Wednesday, November 19, 2014

Giant Bible of Mainz

Giant Bible of Mainz
Giant Bible of Mainz – Last Handwritten Giant Bible 

The Giant Bible of Mainz is one of the last handwritten giant Bible in Europe representing the culmination of hundreds years of transmission of text through handwritten manuscript. It is a very huge manuscript that was produced in 1452-3, most probably in Mainz or the neighbouring place and was noted for its beauty which was written before the invention of printing in the West with possible connections with the Gutenberg Bible.

The Giant Bible comprises of 459 vellum skin leaves, where each measures about 22 x 16 inches and the pages are ruled fully in faint brown ink serving as guides for the scribe who wrote the text. The text on the other hand are organized in two columns of sixty lines on each page while the letter forms used by the scribe are erect, large laterally compressed black letter type which were common in manuscripts used in the middle and lower regions of the Rhine River though was not exclusive to Mainz.

Tones of two forms of black ink were used for the text while the chapter headings as well as paragraphs were highlighted with alternating red and blue ink in both volumes and the manuscript was bound in full contemporary pigskin, without making it decorative.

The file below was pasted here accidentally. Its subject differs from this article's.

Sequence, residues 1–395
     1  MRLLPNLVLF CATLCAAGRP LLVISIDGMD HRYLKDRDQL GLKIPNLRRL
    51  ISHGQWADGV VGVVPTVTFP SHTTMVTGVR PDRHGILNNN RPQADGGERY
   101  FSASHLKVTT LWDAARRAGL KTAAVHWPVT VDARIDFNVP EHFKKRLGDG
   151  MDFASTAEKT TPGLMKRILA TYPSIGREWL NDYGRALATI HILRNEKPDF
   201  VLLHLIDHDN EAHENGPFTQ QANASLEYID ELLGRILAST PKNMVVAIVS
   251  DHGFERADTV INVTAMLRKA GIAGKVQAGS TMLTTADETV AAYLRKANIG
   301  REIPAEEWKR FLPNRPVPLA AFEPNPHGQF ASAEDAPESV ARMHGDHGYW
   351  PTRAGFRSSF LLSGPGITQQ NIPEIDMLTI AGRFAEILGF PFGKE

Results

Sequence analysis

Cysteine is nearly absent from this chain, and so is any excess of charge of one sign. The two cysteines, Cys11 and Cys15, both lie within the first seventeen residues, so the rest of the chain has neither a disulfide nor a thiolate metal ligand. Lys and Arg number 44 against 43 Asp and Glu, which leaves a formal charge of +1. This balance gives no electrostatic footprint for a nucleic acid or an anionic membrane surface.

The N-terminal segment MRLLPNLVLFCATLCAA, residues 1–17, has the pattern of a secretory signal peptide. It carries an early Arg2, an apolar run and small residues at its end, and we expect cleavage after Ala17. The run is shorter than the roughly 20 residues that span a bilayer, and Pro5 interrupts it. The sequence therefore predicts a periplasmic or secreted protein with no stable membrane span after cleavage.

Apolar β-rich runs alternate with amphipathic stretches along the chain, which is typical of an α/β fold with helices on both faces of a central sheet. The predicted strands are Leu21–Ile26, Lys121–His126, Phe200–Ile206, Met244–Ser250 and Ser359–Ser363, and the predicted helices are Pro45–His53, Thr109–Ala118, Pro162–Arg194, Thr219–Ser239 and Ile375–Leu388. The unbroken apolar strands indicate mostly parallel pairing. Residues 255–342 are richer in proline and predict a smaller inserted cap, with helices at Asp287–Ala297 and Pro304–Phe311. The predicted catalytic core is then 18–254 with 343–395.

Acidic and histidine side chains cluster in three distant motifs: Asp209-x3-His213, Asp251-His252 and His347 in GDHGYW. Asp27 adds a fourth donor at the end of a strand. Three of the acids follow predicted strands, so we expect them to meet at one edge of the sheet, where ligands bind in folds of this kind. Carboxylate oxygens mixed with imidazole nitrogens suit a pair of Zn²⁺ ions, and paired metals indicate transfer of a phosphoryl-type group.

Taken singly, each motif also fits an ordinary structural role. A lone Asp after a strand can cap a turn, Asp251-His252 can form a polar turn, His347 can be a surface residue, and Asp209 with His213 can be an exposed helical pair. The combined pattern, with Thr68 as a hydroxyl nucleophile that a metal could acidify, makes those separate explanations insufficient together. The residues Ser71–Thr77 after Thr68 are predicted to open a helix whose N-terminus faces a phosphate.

Illumination Embellish the Text

Giant Bible of Mainz 1
Text blocks has been secured by nine cords which have head and tail bands of red, white and green silk and the scribe who wrote the manuscript recorded the progress by writing the specific date when it started and finished a particular section of the Bible.

Moreover, he also began his work on April 4, 1452 and completed it on July 9, 1453 which was fifteen month on beginning the project, Another amazing characteristic of the Giant Bible are the illumination which embellish the text where the two volumes are decorated with patterned initial letters, with large letter containing an identifiable scene or figures and gilt-burnished initials.

Moreover finely crafted decorative borders are also seen on five pages of the first volume and while the borders are adorned with a branch, vine and floral patterns it acts as a framework with artistic images of bears, hunters, rabbits, stags, princesses and many more which are all exquisitely designed and painted in bright primary colours.

The border designs indicates evidence that link the Giant Bible to the city of Mainz which are being studied continuously on medieval illuminated manuscripts by experts.

Gifted to the Library of Congress 

The Giant Bible of Mainz was gifted to the Library of Congress on April 4, 1952 which was purchased by Lessing J. Rosenwald, about five hundred year after the manuscript was started. It originally belonged to a curator at the Cathedral of Mainz, Heinrich von Stockheim where his inscription is seen on the first leaf of the manuscript and the same remained in the Cathedral of Mainz till 1631.

Thereafter the Bible was seized by King Gustavus Adolphus II of Sweden as a means of prize of war who gave the Bible to Bernhard, Duke of Saxe-Weimar. The Bible then was passed down through members of the duke’s family till 1951 when Rosenwald purchased the same from the bookseller H.P. Kraus for Library of Congress.

No comments:

Post a Comment

Note: Only a member of this blog may post a comment.